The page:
While these pressing challenges affect each country differently and to varying extents, member states are still well-served to address these threats through the mechanisms of NATO. NATO member states benefit from the advantages not only of collective security but a common understanding and platform, as well as the lessons learned that each member state brings to the table. Inter-state reliance is critical for the Alliance to succeed, and states have the ability to contribute to the security of their allies through their individual expertise. Rather than nations tackling modern security issues individually, they would be best served in the long run to seek a collaborative response whereby Allies are equipped with the tools and knowledge to strengthen the resilience of the Atlantic community.
NATO remains active in its planning to combat these emerging threats as an Alliance in 2022. Under the leadership of the outgoing Secretary General, Jens Stoltenberg, goals such as that of net-zero carbon NATO forces by 2050 are excellent examples of the Alliance’s commitment to addressing climate concerns. The most critical NATO development in 2022 will be the creation of a new Strategic Concept. While the Atlantic Treaty remains unchanged since 1949, the NATO Strategic Concept guides the Alliance’s manoeuverings through the threats of the day, using the Treaty as a crucial backdrop upon which to base their values and common understanding. Given that NATO’s current Strategic Concept dates back to 2010, prior to the addition of cyberspace as a domain of operation, an update is overdue. Just as the UN Climate Change Conference of the Parties (COP26) was highly scrutinized given its ambiguous response to pressing global issues, NATO’s 2022 Madrid Summit should be regarded similarly in terms of urgency. The threats our Alliance is facing are many and varied, and if NATO does not respond with equivalent speed and severity, we are sure to fall behind.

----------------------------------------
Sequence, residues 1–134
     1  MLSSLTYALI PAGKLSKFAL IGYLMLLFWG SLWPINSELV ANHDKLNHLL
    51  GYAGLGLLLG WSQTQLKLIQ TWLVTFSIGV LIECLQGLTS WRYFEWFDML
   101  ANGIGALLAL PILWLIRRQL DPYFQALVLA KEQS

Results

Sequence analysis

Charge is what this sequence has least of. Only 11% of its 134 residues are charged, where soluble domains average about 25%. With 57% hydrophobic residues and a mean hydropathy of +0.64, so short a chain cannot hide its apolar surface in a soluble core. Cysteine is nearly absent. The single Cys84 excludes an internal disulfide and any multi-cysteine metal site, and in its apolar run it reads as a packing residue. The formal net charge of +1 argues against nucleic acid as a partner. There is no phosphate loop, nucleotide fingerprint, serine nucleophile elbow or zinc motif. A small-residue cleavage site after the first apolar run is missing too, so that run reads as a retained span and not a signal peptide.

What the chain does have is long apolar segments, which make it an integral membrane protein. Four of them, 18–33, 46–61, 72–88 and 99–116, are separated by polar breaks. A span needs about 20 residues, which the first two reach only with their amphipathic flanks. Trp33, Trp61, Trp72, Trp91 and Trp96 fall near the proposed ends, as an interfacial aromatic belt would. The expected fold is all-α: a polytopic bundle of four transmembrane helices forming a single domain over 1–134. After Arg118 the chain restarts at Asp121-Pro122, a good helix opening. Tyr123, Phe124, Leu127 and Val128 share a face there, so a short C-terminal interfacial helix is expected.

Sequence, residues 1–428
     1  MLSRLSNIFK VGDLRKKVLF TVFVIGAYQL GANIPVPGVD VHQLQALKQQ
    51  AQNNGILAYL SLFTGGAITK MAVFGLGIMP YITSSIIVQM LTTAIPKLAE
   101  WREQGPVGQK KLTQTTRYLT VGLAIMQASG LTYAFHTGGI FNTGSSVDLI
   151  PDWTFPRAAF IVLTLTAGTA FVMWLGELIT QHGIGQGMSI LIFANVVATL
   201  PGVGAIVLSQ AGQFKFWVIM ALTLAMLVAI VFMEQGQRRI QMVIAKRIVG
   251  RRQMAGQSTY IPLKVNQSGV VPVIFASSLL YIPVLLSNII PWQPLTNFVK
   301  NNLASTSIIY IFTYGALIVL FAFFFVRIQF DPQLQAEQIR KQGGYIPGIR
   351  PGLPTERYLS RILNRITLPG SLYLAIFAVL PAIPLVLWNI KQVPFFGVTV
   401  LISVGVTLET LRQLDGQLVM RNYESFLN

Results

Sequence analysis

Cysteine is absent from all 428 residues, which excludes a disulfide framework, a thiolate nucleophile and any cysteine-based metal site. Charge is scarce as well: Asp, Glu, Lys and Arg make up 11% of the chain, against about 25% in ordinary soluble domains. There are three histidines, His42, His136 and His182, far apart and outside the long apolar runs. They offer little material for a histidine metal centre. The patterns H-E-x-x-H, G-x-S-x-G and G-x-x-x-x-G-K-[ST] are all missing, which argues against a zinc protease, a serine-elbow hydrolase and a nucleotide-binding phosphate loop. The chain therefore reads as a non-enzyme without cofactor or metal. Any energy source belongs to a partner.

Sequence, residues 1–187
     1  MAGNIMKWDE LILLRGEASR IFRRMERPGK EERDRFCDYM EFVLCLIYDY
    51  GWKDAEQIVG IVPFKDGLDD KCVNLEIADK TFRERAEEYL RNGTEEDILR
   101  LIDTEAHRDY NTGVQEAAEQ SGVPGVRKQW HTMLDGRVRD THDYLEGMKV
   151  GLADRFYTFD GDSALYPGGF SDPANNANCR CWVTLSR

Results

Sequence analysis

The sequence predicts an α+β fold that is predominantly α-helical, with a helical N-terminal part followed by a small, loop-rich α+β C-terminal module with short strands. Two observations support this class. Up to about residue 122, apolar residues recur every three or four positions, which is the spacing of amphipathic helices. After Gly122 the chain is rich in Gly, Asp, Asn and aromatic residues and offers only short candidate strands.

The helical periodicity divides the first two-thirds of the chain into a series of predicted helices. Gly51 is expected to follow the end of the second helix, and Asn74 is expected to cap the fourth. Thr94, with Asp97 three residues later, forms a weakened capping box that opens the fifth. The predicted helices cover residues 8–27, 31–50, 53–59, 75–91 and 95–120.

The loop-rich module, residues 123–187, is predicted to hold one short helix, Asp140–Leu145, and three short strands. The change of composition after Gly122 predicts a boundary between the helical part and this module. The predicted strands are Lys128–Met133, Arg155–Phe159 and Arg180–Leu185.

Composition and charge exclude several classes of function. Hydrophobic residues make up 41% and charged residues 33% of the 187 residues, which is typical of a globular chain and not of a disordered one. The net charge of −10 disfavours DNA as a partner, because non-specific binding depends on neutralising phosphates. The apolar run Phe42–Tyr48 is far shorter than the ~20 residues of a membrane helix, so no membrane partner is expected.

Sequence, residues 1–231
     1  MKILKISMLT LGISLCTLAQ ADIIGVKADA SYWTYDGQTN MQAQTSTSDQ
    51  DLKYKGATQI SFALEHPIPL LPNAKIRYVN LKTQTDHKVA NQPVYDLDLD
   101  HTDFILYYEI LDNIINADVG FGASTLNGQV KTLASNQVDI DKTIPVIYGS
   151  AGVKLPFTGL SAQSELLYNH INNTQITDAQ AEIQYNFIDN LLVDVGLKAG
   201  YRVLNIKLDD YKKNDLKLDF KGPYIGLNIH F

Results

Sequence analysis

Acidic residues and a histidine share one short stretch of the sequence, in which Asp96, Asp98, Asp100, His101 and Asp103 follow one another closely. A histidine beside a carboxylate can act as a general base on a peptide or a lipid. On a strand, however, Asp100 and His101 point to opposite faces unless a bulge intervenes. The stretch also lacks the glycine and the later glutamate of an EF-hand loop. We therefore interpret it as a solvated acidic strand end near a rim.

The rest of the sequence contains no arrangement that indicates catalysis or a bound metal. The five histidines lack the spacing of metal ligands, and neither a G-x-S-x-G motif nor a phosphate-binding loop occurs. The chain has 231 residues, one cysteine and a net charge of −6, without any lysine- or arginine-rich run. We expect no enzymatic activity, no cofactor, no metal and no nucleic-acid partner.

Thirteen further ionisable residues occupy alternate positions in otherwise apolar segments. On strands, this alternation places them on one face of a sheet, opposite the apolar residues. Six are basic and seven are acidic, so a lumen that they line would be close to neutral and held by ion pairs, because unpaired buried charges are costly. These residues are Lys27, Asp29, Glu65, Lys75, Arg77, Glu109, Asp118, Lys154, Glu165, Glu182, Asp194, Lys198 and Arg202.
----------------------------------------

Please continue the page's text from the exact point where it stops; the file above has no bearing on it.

One way interested students can go about enriching their knowledge of NATO: The NATO Field School and Simulation Program. The NATO Field School is an intensive experiential learning program run by Simon Fraser University in collaboration with the NATO Defense College and the Canadian Joint Delegation to NATO. The program takes students from across the NATO Alliance on an immersive field study through Latvia, Belgium, and Italy where they will meet experts across the fields of security, defence, and diplomacy. The NATO Field School is a unique opportunity for the next generation of NATO decision-makers to gain hands-on experience, enrich their knowledge of current issues in security and defence, and connect with like-minded peers and professionals. Interested applicants can find more information via our website.
Photo: NATO Field School students speaking with a Chinook Helicopter officer at Canadian Forces Base Wainwright, Alberta in 2019. Photo courtesy of the NATO Field School and Simulation Program, Simon Fraser University.
Disclaimer: Any views or opinions expressed in articles are solely those of the authors and do not necessarily represent the views of the NATO Association of Canada.